At Saturday’s remembrance service for Paul Bolon, Fairfax GOP Chairman Tim Hannigan delivered the following remarks:
One of America’s greatest writers ended one of his poems with these insightful words:
“For when the One Great Scorer comes to mark against your name,
He writes – not that you won or lost – but how you played the Game.
(Grantland Rice, “Alumnus Football”)
Paul Bolon was a true gentleman in the way he played the game.
Paul was a fighter. He kept battling to succeed, even in the face of setbacks. Some of us have experienced setbacks in pursuit of mutual interests in the past few years. But that didn’t faze Paul: he kept battling to improve his team and was effective in doing so. There was no Quit in Paul.
Paul was very personable. He was always pleasant and easy-going in manner. I don’t know about you, but talking with MIT graduates is sometimes not easy. But not the case with Paul. Yes, he very smart and perceptive, but he had a good sense of humor and was an all-around regular guy: the type of person you’d like to have for a next-door neighbor. I always enjoyed meeting and working with Paul.
Paul was generous with his time and energy. When he saw he could help someone, he unhesitatingly stepped up to help. Last year we had to move stacks of newspapers into and out of our basement, a task that was pure manual labor and quite onerous. Paul was quick to answer the short-notice call for help and not only moved papers designated for him but pitched in to help move thousands of papers for others.
Paul was unfailingly civil in his interaction with colleagues. In working with Paul, I found that he had strong opinions on many subjects. That’s to be expected for such a learned and experienced man. But what was pleasantly surprising about Paul, especially these days, was his unfailing civility in dealing with people who had different views from his. There was no angry young man in him. He believed the inherent strength of a viewpoint should prevail, not how loud and mean you should make your argument. Paul and I did not see eye-to-eye on a subject, but I found the points he made straightforwardly, persistently, and cordially strengthened our final product.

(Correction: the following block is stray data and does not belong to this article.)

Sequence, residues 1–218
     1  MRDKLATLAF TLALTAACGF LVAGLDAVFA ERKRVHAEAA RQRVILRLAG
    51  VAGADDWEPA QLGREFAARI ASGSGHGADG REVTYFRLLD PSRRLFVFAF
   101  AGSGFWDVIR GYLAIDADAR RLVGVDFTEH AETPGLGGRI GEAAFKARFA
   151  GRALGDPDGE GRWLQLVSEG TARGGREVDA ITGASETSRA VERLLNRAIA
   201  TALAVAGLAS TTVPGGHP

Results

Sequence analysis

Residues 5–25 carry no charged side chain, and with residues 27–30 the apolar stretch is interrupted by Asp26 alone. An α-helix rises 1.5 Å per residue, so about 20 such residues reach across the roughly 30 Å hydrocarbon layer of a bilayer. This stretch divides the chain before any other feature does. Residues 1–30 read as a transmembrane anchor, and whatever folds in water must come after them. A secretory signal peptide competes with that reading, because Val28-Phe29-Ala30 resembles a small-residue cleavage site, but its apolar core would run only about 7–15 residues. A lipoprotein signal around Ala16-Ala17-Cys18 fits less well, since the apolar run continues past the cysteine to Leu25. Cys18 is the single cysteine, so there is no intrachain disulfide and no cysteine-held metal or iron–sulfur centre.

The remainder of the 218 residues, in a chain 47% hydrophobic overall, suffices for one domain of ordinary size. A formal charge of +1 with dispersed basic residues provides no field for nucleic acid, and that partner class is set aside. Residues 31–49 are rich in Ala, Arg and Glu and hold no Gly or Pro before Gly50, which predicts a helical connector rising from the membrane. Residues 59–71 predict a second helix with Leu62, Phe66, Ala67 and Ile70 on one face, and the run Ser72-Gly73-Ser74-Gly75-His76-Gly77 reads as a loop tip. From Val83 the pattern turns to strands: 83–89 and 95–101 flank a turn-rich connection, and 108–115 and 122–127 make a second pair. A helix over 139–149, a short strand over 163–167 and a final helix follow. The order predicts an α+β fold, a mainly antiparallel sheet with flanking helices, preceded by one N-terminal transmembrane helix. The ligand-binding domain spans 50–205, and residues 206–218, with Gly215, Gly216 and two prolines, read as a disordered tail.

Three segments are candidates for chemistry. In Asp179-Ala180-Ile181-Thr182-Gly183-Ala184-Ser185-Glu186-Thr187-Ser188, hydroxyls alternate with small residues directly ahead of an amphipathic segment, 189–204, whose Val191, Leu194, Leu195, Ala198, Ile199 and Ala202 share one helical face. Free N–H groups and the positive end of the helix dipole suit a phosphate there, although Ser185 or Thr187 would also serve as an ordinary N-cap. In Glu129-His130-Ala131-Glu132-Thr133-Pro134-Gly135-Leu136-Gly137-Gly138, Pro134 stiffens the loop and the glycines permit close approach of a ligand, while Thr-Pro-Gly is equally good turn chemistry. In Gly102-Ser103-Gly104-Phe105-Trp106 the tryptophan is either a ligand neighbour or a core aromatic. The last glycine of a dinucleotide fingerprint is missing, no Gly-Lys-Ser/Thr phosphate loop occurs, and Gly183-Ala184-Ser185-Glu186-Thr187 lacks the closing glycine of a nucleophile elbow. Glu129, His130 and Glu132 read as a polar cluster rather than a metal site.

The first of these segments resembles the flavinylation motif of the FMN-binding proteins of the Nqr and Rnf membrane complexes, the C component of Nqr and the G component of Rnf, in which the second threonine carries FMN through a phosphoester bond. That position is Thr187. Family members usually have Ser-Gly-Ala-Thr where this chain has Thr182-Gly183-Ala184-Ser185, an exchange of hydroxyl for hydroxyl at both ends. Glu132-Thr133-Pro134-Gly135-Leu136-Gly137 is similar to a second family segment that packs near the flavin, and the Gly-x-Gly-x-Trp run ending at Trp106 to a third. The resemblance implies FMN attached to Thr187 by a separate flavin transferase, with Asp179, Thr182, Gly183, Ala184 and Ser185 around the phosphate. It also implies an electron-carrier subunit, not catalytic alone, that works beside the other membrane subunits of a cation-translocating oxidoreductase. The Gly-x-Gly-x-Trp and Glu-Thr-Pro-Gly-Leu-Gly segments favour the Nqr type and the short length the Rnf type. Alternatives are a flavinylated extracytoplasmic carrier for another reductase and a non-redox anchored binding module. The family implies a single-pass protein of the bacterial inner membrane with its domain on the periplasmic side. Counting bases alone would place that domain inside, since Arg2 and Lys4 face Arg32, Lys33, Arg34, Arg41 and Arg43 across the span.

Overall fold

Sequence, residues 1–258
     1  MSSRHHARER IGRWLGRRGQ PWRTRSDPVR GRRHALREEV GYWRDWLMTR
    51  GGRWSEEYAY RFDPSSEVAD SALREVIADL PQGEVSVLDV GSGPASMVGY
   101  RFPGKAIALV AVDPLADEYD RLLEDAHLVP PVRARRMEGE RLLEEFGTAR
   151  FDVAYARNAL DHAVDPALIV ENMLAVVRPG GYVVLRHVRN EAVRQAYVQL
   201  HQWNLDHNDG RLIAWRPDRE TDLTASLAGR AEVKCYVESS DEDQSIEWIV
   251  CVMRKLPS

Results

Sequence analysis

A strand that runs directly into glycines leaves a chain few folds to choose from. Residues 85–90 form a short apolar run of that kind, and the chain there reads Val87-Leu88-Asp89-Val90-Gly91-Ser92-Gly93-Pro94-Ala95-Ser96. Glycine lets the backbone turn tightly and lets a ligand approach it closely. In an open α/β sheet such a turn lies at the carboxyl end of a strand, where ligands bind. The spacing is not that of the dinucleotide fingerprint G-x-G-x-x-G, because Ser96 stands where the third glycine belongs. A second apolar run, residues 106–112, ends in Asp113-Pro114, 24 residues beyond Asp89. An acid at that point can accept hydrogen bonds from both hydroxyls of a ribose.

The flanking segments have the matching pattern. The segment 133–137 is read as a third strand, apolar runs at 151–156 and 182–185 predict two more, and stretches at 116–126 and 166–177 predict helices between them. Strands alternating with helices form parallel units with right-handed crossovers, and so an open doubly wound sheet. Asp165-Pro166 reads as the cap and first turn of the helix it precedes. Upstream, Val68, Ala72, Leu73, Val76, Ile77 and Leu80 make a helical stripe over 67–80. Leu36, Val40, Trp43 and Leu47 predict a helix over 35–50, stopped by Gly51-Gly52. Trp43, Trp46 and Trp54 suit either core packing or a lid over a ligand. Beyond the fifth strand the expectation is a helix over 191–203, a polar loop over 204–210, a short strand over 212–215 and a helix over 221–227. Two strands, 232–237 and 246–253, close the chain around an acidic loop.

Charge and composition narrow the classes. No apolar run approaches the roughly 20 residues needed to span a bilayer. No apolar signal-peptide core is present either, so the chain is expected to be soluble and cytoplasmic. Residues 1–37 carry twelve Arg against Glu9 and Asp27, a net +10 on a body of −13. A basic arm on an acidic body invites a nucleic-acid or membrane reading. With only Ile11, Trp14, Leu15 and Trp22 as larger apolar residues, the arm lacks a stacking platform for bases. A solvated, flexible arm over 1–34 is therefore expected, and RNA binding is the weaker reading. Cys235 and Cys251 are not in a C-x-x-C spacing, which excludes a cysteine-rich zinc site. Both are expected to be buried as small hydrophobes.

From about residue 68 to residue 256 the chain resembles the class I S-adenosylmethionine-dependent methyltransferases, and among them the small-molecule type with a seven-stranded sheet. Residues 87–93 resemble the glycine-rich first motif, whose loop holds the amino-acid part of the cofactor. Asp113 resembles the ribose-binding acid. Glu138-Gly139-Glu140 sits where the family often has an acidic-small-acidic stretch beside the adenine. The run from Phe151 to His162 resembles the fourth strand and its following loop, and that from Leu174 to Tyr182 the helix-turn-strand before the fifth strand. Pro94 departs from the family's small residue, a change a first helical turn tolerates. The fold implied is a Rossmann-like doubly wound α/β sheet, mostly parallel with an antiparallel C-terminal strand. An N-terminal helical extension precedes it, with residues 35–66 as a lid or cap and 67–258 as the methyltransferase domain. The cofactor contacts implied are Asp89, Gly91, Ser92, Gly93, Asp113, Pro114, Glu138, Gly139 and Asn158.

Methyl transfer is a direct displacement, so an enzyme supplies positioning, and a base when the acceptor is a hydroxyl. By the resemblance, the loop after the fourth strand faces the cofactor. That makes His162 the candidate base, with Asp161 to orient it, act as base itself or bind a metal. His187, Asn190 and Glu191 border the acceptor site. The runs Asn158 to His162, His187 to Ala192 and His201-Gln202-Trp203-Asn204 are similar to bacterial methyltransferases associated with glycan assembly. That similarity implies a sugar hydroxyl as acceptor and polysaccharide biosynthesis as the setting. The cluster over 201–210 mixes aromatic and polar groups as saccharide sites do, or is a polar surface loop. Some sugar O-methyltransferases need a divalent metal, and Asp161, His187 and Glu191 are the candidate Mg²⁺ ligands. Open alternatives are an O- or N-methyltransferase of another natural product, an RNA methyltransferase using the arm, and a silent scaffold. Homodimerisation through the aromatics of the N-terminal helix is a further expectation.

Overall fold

Finally, Paul was loyal to his friends and colleagues. After one of our meetings last year, Paul called and said he wanted to meet with me. He came over to the office and pointed out to me that some of the charts I used in the meeting were too complicated and that I needed to simplify them. He was right both in the point he made and in his loyal willingness to help me be more effective. I think Paul would appreciate the fact that I didn’t bring any charts to this remembrance this morning.
Well, none of us know how the One Great Scorer writes against the names of individuals. But I think I can speak for everyone in this room in vigorously vouching for Paul Bolon, a true gentleman, having played a most worthy game! We’ll not forget you and your example, Paul!